This paper analyzes the correlates of asylum policymaking in low- and middle-income countries, which host more than 85 percent of refugees and asylum seekers globally. The authors also examine the role of de jure policies as pull factors in flows of forced migration.
The analysis is based on a novel dataset of asylum policies in developing countries, the Developing World Refugee and Asylum Policy (DWRAP). The dataset includes 229 domestic laws relating to forced displacement in 92 African, Middle Eastern, and South Asian developing countries between 1952 and 2017. For each law, the dataset includes 54 codes across five policy fields: (1) access: ease of entrance and security of status; (2) services: provision of public services and welfare; (3) livelihoods: ability to work and own property; (4) movement: encampment policies; and (5) participation: citizenship and political rights.
The authors also draw on additional data sources including: (a) the UCDP Armed Conflict data set to test the relationship between conflict and forced displacement policy change; (b) data on ethnic groups, their access to state power, and their transnational ties from the Ethnic Power Relations (EPR) dataset; and (c) net bilateral aid from donors on the Development Assistance Committee (DAC) of the OECD to test the relevance of countries’ dependence on external economic assistance.
The data suggests the following stylized facts:
- There is much diversity in asylum policy liberality, which cannot be explained by regional clustering.
- Developing countries have been gradually liberalizing their asylum and refugee policies, while developed countries have been moving in more restrictive directions. Policy liberalization has been pronounced in the areas of access and movement and comparatively slower in the areas of livelihoods and participation.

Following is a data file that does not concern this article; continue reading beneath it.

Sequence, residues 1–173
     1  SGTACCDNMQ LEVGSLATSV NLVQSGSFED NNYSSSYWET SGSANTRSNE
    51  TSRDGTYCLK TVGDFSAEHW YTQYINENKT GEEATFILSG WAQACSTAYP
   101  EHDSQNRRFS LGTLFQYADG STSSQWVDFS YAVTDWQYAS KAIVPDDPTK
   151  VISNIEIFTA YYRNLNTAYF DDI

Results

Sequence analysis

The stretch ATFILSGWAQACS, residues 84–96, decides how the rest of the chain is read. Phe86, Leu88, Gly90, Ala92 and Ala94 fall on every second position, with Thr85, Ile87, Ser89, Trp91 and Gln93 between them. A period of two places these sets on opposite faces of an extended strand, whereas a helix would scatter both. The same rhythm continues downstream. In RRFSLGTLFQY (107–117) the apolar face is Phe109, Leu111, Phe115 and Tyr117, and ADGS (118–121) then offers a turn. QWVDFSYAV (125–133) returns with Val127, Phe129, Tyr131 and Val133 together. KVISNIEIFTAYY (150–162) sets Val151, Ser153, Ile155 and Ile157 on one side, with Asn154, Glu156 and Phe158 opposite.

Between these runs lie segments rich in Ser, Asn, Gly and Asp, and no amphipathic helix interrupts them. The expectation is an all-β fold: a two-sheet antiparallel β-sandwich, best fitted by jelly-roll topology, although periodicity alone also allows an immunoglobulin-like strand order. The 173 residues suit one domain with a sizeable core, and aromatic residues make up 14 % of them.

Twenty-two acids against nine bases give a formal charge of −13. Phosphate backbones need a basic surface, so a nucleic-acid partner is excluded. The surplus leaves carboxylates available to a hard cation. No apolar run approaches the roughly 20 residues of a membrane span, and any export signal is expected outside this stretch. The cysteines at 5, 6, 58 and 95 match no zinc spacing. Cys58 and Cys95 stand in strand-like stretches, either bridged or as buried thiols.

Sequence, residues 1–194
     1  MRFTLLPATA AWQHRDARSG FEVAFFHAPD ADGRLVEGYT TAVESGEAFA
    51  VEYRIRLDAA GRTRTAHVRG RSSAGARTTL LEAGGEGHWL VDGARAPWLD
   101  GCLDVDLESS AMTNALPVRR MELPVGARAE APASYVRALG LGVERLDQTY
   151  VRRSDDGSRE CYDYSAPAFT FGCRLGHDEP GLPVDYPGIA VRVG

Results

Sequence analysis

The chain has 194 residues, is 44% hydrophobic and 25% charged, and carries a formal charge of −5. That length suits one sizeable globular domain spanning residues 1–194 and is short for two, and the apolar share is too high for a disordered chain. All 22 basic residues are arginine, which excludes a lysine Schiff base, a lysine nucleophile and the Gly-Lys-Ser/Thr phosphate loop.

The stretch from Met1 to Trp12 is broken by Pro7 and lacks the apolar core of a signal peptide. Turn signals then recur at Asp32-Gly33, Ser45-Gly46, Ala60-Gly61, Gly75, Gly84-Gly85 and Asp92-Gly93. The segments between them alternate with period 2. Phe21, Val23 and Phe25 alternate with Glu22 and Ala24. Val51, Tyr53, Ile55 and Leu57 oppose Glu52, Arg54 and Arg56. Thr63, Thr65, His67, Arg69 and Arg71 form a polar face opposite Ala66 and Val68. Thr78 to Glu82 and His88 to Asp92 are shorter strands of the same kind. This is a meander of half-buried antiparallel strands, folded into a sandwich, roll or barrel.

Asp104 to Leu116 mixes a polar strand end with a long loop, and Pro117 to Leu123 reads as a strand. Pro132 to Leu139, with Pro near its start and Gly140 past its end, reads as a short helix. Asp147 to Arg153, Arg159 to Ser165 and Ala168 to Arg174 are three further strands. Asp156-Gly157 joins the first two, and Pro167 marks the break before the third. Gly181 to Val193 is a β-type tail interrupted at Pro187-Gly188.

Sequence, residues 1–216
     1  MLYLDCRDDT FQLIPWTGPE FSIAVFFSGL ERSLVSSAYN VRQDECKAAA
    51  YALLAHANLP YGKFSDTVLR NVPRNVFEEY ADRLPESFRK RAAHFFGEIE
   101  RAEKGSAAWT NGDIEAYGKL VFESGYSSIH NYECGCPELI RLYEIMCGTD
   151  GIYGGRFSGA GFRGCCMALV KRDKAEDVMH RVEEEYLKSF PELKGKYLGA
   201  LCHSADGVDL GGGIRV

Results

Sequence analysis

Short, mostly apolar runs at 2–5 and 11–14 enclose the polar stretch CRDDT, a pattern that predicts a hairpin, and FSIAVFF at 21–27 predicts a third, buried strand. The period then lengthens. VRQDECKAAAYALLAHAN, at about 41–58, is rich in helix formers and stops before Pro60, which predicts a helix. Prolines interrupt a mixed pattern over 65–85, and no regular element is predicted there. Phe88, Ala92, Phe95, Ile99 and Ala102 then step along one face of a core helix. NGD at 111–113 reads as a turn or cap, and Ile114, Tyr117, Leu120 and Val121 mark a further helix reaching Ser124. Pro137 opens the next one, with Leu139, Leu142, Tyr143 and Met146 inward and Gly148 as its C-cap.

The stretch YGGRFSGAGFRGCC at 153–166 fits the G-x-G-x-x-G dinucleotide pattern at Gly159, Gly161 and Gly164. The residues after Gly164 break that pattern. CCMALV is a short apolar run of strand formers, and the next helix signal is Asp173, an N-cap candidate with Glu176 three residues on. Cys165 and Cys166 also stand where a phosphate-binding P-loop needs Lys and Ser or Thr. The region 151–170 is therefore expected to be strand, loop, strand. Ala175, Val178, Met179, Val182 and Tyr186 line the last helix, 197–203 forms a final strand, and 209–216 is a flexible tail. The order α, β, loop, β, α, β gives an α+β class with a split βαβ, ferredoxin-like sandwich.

- Developing countries alter their asylum policies in response to intense civil wars breaking out in neighboring countries, which raise expectations of future forced migrant flows and the salience of forced displacement.
- Policy liberalization is more likely when political elites have co-ethnic kin who are excluded from power in neighboring conflict-affected countries. This suggests that countries may be willing to bear greater costs to host co-ethnic kin groups.
- No generalized evidence was found that repressive regimes liberalize displacement policy in exchange for aid, although this dynamic is relevant for some specific cases.
- As in Western countries, national wealth is associated with migration policy restrictions in the developing world.
The authors conclude that developing countries confront different constraints and opportunities when responding to forced displacement. For example, the presence of ethnic kin in neighboring countries and reliance on external aid may influence a country’s policy on forced displacement.